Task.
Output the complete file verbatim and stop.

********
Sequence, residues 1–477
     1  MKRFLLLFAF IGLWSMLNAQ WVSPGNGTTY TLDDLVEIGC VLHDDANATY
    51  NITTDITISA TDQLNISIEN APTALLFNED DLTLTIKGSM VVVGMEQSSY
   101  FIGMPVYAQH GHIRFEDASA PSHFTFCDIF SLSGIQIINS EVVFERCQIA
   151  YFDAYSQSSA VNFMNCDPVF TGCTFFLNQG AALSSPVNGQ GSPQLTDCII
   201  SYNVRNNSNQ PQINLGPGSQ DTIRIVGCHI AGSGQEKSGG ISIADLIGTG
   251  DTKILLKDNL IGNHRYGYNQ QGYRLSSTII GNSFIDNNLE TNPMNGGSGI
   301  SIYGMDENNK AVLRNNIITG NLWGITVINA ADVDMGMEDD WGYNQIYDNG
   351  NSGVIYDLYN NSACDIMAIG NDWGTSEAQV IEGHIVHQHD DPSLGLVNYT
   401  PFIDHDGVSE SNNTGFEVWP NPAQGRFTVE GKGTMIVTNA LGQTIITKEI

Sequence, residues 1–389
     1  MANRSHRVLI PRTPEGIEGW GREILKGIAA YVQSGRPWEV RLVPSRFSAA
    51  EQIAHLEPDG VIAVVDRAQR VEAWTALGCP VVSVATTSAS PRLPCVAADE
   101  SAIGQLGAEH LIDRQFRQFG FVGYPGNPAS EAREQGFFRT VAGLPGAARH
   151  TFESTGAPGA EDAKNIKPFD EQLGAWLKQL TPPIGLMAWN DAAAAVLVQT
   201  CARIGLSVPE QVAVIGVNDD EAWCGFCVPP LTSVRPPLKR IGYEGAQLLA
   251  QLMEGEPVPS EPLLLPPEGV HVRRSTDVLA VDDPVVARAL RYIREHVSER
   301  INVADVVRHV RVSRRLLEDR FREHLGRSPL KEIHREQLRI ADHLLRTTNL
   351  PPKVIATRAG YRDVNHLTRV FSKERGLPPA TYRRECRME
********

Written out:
Sequence, residues 1–477
     1  MKRFLLLFAF IGLWSMLNAQ WVSPGNGTTY TLDDLVEIGC VLHDDANATY
    51  NITTDITISA TDQLNISIEN APTALLFNED DLTLTIKGSM VVVGMEQSSY
   101  FIGMPVYAQH GHIRFEDASA PSHFTFCDIF SLSGIQIINS EVVFERCQIA
   151  YFDAYSQSSA VNFMNCDPVF TGCTFFLNQG AALSSPVNGQ GSPQLTDCII
   201  SYNVRNNSNQ PQINLGPGSQ DTIRIVGCHI AGSGQEKSGG ISIADLIGTG
   251  DTKILLKDNL IGNHRYGYNQ QGYRLSSTII GNSFIDNNLE TNPMNGGSGI
   301  SIYGMDENNK AVLRNNIITG NLWGITVINA ADVDMGMEDD WGYNQIYDNG
   351  NSGVIYDLYN NSACDIMAIG NDWGTSEAQV IEGHIVHQHD DPSLGLVNYT
   401  PFIDHDGVSE SNNTGFEVWP NPAQGRFTVE GKGTMIVTNA LGQTIITKEI

Sequence, residues 1–389
     1  MANRSHRVLI PRTPEGIEGW GREILKGIAA YVQSGRPWEV RLVPSRFSAA
    51  EQIAHLEPDG VIAVVDRAQR VEAWTALGCP VVSVATTSAS PRLPCVAADE
   101  SAIGQLGAEH LIDRQFRQFG FVGYPGNPAS EAREQGFFRT VAGLPGAARH
   151  TFESTGAPGA EDAKNIKPFD EQLGAWLKQL TPPIGLMAWN DAAAAVLVQT
   201  CARIGLSVPE QVAVIGVNDD EAWCGFCVPP LTSVRPPLKR IGYEGAQLLA
   251  QLMEGEPVPS EPLLLPPEGV HVRRSTDVLA VDDPVVARAL RYIREHVSER
   301  INVADVVRHV RVSRRLLEDR FREHLGRSPL KEIHREQLRI ADHLLRTTNL
   351  PPKVIATRAG YRDVNHLTRV FSKERGLPPA TYRRECRME